Christopher Cummins, a former FX-trader for Citigroup on Thursday, 12 January 2017 was plead guilty in the U.S. Department of Justice’s long-running investigation into foreign currency market manipulation.
“The exchange rate manipulation pursued by the charged CEEMEA FX dealers and their co-conspirators, like any other form of price fixing, was intended to stymie free competition that promotes market integrity and fair pricing,” Deputy Assistant Attorney General Brent Snyder of the DOJ’s antitrust division said in a statement.
On Tuesday, the U.S. Department of Justice charged three former FX-traders for Barclays, Citigroup and two other large banks as part of its probe into foreign currency market manipulation.
The former executives allegedly coordinated their trading with each other in an online chat room while working for affiliates of those banks, JPMorgan Chase & Co. and the Royal Bank of Scotland Group PLC. The four banks agreed last year to pay about $2.5 billion in U.S. criminal fines as a result of the investigation.
The Financial Times reports, that two former leading FX-traders were arrested because of their involvement in the Forex Manipulation Scandal. They are accused of making $8m in profits and fees by “front running” a client’s $3.5bn foreign exchange trade.
Mark Johnson (UK) and Stuart Scott (UK) were heads of global and EU forex currency trading departments for HSBC.
Nine Banks have agreed to pay in total $ 2 billion in settlements to US investors over claims they rigged foreign exchange rates. Traders used their banks' closed chat rooms, instant messaging systems and emails to manipulate prices.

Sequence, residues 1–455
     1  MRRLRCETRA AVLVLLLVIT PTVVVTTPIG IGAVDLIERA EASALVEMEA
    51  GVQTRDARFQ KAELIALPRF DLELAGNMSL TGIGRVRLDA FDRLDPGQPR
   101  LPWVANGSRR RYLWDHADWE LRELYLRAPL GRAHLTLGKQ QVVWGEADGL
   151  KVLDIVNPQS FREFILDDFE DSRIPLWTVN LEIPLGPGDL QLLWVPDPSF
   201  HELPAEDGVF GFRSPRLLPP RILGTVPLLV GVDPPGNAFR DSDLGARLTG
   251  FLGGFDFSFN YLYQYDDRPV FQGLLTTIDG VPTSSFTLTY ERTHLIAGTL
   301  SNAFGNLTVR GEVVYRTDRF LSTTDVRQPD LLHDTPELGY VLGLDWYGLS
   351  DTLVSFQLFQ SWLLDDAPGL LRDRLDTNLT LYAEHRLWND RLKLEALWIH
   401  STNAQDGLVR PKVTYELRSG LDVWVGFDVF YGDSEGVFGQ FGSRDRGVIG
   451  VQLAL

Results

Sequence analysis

Using the kind of colourful language typical in the spate of market rigging cases involving the banks, traders assumed names such as "The Cartel," "The Bandits' Club," and "The Mafia" to communicate and place confidential orders.
Five major Banks agreed to plead guilty to conspiring to manipulate the price of U.S. dollars and euros exchanged in the foreign currency exchange (FX) spot market and the banks have agreed to pay criminal fines in sum more than $2.5 billion.
According to plea agreements, between December 2007 and January 2013, euro-dollar traders at Citicorp, JPMorgan, Barclays and RBS – self-described members of “The Cartel” – used an exclusive electronic chat room and coded language to manipulate benchmark exchange rates.
The foreign exchange market, with a daily average volume turnover of $ 5.3 trillion, is one of the most important and liquid financial markets in the world. In November 2014 and May 2015, several major banks were sentenced to pay record fines by US, UK and Swiss regulators for failing to take reasonable care to organise and control their affairs responsibly and effectively with adequate risk management systems in relation to G10 spot FX voice trading.